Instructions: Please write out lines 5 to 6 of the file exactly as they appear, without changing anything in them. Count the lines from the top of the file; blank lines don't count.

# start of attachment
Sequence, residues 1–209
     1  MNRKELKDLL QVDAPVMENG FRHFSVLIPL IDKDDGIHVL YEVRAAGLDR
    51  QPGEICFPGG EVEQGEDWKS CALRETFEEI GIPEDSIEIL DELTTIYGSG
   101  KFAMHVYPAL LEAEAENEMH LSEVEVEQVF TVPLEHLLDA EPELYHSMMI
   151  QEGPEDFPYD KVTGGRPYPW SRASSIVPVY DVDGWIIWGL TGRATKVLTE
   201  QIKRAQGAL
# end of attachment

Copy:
   151  QEGPEDFPYD KVTGGRPYPW SRASSIVPVY DVDGWIIWGL TGRATKVLTE
   201  QIKRAQGAL